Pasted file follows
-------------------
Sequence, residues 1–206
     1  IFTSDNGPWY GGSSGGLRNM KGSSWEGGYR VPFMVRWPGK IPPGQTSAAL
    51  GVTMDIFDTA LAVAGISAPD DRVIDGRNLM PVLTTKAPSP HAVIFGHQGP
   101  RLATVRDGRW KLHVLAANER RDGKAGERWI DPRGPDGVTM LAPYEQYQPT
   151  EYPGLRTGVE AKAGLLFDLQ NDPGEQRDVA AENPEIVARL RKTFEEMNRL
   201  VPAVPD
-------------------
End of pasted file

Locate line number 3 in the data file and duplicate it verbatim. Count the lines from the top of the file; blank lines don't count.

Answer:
    51  GVTMDIFDTA LAVAGISAPD DRVIDGRNLM PVLTTKAPSP HAVIFGHQGP